The National Highway Traffic Safety Administration announced on November 19 that it was opening an official investigation into Tesla’s (NASDAQ:TSLA) two battery fires in its electric vehicles, and two weeks later, the agency is now asking that Tesla hand over all of its data on battery fires.
According to The Detroit News, the NHTSA requested in a letter dated November 27 that Tesla turn over detailed records of all consumer complaints, field reports, warranty claims, and property damage claims. The agency wants the results of tests, surveys, stimulations, and other efforts to review the battery fires and presumed defect, and it wants to determine whether Tesla has worked to make any changes to the electric vehicle to further prevent any future issues.
The data request is standard practice for the the NHTSA as it works to finish its investigation. Still, the move shows which records officials are interested in going over to determine whether Tesla’s Model S is at fault or if the two fires in five weeks occurred because of uncontrollable circumstances.
Tesla’s response to the agency is due January 14. The request reads: “Describe in detail all possible consequences to the vehicle from an impact to the subject component that damages the battery. Describe in detail how these possible consequences were addressed in the design of the (Model S) and the limits of that design to prevent damage to the propulsion battery, stalling and fires.”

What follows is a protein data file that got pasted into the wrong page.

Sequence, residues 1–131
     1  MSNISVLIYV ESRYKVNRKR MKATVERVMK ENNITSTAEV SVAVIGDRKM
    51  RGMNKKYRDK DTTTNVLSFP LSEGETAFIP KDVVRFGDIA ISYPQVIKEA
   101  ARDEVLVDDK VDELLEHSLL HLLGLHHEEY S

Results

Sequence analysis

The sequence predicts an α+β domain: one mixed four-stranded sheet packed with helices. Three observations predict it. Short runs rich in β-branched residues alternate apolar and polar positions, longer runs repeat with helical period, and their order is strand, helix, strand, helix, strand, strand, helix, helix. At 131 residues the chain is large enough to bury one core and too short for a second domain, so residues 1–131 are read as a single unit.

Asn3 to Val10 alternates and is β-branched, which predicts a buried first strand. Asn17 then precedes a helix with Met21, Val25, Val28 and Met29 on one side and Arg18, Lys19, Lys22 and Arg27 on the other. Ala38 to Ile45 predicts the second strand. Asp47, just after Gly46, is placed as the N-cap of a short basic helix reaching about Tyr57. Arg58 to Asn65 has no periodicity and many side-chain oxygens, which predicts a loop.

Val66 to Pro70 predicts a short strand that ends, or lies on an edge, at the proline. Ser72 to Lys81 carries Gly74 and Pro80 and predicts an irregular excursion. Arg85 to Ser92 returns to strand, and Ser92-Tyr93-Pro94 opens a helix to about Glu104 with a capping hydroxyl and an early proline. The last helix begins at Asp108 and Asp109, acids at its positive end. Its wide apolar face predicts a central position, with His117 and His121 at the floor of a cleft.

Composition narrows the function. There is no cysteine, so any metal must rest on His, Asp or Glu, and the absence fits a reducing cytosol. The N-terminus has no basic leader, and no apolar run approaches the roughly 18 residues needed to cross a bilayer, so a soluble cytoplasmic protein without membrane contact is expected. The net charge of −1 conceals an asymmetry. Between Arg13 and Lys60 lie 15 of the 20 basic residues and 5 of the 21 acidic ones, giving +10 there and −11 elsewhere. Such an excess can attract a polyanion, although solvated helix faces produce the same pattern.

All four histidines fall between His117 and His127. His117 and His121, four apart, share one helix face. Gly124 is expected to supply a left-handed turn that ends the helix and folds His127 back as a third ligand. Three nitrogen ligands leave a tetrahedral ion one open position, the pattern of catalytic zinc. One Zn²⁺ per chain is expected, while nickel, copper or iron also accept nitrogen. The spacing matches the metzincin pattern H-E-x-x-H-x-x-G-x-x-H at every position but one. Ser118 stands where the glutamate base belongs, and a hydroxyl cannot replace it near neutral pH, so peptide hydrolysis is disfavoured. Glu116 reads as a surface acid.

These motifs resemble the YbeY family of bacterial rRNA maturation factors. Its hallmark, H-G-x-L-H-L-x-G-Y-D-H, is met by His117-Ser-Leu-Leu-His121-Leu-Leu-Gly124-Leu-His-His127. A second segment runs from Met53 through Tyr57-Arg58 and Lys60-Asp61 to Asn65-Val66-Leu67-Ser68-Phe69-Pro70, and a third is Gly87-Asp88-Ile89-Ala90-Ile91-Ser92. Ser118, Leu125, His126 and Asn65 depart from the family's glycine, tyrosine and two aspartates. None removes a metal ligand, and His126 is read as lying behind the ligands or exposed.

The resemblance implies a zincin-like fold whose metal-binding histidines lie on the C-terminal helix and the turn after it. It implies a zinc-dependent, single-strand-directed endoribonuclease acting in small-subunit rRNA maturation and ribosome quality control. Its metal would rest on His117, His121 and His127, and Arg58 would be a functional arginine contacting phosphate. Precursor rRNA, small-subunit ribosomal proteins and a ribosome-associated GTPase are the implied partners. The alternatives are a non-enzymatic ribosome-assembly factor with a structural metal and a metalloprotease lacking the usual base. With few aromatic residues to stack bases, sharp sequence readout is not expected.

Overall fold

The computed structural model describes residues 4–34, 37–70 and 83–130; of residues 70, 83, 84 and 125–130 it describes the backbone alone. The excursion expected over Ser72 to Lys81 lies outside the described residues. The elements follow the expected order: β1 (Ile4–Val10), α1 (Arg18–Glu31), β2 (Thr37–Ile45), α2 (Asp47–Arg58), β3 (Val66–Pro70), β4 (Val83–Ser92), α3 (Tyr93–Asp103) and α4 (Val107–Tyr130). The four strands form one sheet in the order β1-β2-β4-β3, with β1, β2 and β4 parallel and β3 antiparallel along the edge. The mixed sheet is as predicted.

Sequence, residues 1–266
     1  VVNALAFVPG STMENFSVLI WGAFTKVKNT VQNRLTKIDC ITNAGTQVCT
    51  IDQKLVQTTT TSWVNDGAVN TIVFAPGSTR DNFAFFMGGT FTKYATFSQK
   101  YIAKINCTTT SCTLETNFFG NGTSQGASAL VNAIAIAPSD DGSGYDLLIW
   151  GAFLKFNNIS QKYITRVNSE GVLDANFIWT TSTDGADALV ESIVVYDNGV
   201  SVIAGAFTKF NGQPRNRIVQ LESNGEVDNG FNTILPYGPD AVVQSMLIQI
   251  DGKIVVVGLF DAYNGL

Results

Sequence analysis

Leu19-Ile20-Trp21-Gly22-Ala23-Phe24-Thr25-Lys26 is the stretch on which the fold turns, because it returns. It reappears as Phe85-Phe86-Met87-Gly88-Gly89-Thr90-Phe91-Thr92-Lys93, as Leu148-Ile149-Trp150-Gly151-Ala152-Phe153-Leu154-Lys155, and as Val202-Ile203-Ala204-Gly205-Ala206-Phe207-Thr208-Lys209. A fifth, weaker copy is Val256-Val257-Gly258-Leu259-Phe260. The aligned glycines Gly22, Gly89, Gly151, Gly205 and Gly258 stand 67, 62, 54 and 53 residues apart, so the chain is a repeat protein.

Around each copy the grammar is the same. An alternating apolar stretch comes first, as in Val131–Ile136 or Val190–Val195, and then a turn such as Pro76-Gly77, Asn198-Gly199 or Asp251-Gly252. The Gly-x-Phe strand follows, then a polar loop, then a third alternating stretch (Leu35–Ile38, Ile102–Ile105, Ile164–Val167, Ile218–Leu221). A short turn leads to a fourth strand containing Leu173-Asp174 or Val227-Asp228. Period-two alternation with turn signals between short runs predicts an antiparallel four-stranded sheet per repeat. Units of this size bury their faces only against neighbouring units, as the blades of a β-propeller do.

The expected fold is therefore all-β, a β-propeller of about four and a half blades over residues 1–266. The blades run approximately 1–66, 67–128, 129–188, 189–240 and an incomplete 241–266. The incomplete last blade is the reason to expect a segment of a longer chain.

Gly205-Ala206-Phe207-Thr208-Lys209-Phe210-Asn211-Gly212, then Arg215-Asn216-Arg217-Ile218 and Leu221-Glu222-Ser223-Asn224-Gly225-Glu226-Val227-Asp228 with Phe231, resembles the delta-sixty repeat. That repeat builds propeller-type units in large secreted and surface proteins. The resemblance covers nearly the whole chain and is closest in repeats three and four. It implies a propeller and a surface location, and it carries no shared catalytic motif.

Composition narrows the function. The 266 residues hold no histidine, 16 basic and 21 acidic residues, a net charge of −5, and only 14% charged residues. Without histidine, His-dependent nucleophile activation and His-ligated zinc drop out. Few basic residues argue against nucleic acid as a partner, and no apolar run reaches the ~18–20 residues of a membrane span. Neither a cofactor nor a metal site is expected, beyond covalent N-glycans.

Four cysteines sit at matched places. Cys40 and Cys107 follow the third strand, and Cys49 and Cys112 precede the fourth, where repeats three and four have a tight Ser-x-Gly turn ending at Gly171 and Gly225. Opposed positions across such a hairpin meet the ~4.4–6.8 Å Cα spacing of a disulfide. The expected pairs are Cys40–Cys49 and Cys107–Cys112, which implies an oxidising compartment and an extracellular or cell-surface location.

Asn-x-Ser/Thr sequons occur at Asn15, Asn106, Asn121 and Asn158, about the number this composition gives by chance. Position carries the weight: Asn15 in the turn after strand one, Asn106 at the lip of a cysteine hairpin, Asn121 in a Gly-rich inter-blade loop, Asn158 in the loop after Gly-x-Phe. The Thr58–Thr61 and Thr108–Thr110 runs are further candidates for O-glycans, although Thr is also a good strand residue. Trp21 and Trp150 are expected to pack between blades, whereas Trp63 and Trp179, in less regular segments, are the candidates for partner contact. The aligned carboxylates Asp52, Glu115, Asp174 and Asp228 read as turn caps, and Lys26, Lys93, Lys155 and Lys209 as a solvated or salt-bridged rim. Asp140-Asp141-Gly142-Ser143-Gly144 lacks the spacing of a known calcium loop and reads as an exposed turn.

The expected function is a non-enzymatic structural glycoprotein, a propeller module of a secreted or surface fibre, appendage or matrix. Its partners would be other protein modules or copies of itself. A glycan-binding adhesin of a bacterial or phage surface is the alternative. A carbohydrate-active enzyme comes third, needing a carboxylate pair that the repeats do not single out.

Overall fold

The NHTSA investigation was sparked by three Model S fires that occurred in the span of five weeks: one in Washington, one in Mexico, and one in Tennessee. CEO Elon Musk has been adamant about clearly explaining the reasoning behind these fires, maintaining that the Model S is one of the safest cars on the road, but the agency still announced in November that it would look into 13,100 Model S electric cars and determine if any changes needed to be made.
As reported by The Detroit News, Tesla has already extended its warranty coverage to fire claims and has promised to make changes to the vehicle so as to make it less susceptible to roadway debris. But now, the NHTSA also wants Tesla to turn over any communication to owners or regional officers that the company is planning to issue over the next four months, along with any planned changes to the Model S to address the issue.
The Model S was awarded a top safety rating by the NHTSA over the summer, along with top marks from Consumer Reports, but it’ll take the government up to six months to determine whether the issue poses an unreasonable risk to safety. For now, Musk and his team will have to wait it out.
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